Top Historic Sights in Nordborg, Denmark

Explore the historic highlights of Nordborg

Nordborg Castle

Nordborg Castle was, according to Saxo, founded by Svend Grathe under the name Alsborg. Hence, this can be dated to around 1150. Alsborg was built whilst the Wends still dominated the Danish coast; its location a few kilometers inland meant that the castle could not be attacked without warning, and the local population had a better chance of taking refuge there. The first written evidence of Alsborg is from the end of the ...
Founded: 17th century | Location: Nordborg, Denmark

Nordborg Church

Medieval church dating from approx. 1250. The south chapel with the interesting frescoes is added approx. 1500. The north chapel is built 1686 and reconstructed 1785. The tower at the south chapel is built 1789. Porch, sacristy and stair tower is built in 1881-82. The Duke to Nordborg Castle built a chapel in 1700 at the east end of the church. This chapel is the final resting place for the ducal families and their coffi ...
Founded: c. 1250 | Location: Nordborg, Denmark

Havnbjerg Church

Havnbjerg Church is a 12th century Romanesque stone church. Tower and spire date from 1857. The bells date from 1370 and 1920. The altarpiece is a painting by C.W.Eckersberg. In the wall of the choir is a so-called piscina - a basin designed for liturgical handwashing. The pulpit is late Renaissance and the baptismal font has a Romanesque top. The organ has 20 stops. The churchyard has soldiers" graves from 1848 and ...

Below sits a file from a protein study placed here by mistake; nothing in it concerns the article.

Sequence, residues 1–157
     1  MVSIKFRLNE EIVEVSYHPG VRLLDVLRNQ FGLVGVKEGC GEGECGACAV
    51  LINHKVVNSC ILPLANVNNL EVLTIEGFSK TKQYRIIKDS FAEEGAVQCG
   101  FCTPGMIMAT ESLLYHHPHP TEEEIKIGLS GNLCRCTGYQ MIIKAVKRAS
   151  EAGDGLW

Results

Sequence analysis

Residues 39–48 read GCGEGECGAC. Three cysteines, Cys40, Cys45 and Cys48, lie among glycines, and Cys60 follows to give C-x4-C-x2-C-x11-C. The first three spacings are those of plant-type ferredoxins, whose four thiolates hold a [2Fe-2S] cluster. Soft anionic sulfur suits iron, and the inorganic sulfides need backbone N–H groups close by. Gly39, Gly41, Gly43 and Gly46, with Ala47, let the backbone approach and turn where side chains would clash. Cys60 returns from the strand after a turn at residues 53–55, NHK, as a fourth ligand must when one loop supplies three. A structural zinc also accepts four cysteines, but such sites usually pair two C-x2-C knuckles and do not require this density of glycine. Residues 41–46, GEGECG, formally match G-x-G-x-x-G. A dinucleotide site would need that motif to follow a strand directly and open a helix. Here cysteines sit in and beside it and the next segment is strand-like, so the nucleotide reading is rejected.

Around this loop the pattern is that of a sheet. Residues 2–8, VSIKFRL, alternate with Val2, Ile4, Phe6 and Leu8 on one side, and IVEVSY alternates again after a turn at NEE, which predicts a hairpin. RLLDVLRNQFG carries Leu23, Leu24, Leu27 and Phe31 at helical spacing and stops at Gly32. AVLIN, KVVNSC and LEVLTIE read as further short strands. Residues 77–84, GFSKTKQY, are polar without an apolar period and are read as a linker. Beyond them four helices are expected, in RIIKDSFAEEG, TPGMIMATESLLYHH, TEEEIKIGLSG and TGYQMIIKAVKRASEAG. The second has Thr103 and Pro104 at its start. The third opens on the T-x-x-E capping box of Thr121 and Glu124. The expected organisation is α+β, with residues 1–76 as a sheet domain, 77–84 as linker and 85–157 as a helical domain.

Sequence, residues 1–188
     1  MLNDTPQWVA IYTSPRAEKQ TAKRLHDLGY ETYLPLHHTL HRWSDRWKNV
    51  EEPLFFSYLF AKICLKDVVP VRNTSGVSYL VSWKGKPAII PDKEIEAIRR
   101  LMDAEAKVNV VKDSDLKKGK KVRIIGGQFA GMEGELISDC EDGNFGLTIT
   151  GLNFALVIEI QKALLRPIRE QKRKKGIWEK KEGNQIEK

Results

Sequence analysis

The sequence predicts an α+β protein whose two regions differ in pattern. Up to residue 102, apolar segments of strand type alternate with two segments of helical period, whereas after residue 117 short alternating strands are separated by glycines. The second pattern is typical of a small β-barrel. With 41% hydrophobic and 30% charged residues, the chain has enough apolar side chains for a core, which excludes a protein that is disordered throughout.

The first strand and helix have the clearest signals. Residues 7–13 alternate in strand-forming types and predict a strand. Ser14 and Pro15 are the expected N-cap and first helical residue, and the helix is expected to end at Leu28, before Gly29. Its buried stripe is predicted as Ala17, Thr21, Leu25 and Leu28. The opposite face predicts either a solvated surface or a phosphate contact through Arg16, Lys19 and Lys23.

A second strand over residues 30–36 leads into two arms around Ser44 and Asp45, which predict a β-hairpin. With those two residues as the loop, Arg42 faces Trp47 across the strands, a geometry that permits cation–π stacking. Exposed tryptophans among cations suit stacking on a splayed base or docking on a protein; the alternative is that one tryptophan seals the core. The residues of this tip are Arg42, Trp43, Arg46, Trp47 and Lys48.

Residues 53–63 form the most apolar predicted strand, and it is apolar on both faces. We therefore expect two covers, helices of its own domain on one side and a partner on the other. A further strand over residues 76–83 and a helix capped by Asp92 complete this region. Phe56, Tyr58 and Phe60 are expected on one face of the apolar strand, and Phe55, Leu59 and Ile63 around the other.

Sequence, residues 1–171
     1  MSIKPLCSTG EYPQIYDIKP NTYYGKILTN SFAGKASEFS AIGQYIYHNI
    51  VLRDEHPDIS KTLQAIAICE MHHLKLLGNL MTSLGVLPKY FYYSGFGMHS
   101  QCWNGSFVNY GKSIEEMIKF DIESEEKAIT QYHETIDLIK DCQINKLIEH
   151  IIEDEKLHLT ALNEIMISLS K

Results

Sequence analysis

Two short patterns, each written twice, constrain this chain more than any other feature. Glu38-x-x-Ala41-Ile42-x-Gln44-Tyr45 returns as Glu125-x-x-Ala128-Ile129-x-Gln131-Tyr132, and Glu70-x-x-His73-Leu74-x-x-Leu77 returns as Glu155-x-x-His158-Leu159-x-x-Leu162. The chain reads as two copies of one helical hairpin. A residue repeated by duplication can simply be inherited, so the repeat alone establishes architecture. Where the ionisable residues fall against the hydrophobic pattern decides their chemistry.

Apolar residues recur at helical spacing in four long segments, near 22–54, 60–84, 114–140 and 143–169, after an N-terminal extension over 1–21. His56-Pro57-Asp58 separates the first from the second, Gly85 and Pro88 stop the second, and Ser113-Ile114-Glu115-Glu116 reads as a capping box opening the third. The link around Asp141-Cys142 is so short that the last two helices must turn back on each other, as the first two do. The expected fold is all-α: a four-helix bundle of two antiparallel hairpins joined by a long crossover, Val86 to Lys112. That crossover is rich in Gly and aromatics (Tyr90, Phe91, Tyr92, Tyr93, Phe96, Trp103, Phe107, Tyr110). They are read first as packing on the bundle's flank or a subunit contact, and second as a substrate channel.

Founded: 12th century | Location: Nordborg, Denmark

Oksbøl Church

Oksbøl Church has Romanesque origins with Gothic tower and porch. A Gothic triptych altarpiece dates from the beginning of the 15th century, a Baroque/Renaissance pulpit from 1626 and wooden font from about 1700.
Founded: c. 1100 | Location: Nordborg, Denmark

Featured Historic Landmarks, Sites & Buildings

Historic Site of the week

Caerleon Roman Amphitheatre

Built around AD 90 to entertain the legionaries stationed at the fort of Caerleon (Isca), the impressive amphitheatre was the Roman equivalent of today’s multiplex cinema. Wooden benches provided seating for up to 6,000 spectators, who would gather to watch bloodthirsty displays featuring gladiatorial combat and exotic wild animals.

Long after the Romans left, the amphitheatre took on a new life in Arthurian legend. Geoffrey of Monmouth, the somewhat imaginative 12th-century scholar, wrote in his History of the Kings of Britain that Arthur was crowned in Caerleon and that the ruined amphitheatre was actually the remains of King Arthur’s Round Table.

Today it is the most complete Roman amphitheatre in Britain.